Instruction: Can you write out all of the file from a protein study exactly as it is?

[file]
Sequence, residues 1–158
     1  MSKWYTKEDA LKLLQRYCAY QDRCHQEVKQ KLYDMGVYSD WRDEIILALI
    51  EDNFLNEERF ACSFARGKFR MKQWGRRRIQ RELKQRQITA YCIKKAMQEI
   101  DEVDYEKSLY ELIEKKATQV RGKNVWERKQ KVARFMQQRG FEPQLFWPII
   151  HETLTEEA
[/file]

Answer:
Sequence, residues 1–158
     1  MSKWYTKEDA LKLLQRYCAY QDRCHQEVKQ KLYDMGVYSD WRDEIILALI
    51  EDNFLNEERF ACSFARGKFR MKQWGRRRIQ RELKQRQITA YCIKKAMQEI
   101  DEVDYEKSLY ELIEKKATQV RGKNVWERKQ KVARFMQQRG FEPQLFWPII
   151  HETLTEEA